Zimmerman Fate

Zimmerman represents a much more serious liability that inures every time we carry for self-defense. This has been referred to as the "Zimmerman fate". When George Zimmerman pulled the trigger, both parties lost their lives - one was permanent, one is figurative. While Zimmerman was found "not guilty" of criminal conduct under Florida's "stand-your-ground" laws, he still faces numerous legal battles in Civil court plus the emotional stress he will carry the rest of his life.

A poor economy coupled with increasing crime rates has spawned much interest in carry for self-defense. Most states allow some form of carry, usually with the caveat that use of deadly force is not justifiable unless used as an absolute "last-resort". In 2010, the FBI reported 1.2 million violent crimes but identified only 232 cases of "justifiable homicide". In addition, a report by legallyarmed.com estimates that approximately 250,000 carry permits have been issued in the US. The raw numbers suggest that less than one out of every thousand permitees encounters a situation where the use of deadly force is appropriate.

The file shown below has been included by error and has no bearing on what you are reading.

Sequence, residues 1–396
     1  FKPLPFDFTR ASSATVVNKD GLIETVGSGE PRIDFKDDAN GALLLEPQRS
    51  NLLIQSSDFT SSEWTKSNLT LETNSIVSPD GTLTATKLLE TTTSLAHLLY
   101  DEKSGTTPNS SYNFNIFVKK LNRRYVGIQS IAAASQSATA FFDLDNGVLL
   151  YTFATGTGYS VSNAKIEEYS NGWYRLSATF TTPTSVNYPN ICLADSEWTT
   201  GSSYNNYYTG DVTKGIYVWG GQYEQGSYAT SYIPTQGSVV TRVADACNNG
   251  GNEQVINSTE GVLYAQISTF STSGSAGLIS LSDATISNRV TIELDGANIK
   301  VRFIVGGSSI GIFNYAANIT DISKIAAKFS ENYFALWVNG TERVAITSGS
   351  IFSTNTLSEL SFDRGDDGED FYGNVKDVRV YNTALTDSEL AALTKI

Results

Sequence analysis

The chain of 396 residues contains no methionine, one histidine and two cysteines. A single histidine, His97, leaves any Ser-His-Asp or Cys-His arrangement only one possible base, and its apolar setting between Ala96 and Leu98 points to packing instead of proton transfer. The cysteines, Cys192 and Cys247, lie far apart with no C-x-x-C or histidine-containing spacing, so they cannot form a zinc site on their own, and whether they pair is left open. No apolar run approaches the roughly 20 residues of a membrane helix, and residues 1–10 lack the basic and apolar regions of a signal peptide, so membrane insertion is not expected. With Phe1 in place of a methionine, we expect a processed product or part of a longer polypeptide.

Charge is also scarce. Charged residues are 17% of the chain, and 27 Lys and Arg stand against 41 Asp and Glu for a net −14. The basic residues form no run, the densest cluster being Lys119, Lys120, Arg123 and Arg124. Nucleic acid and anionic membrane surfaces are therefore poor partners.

Immediate access to a weapon capable of exerting deadly force can have disastrous impact on your liability. Pulling a gun in the heat of anger easily translates to aggravated assault, attempted murder, or reckless endangerment, any of which will get you in serious trouble with law enforcement. Pulling the trigger immediately exposes you to the "Zimmerman fate, which we all should recognize following the trial in summer of 2013.

Author: Carleton P. Edmunds, J.D.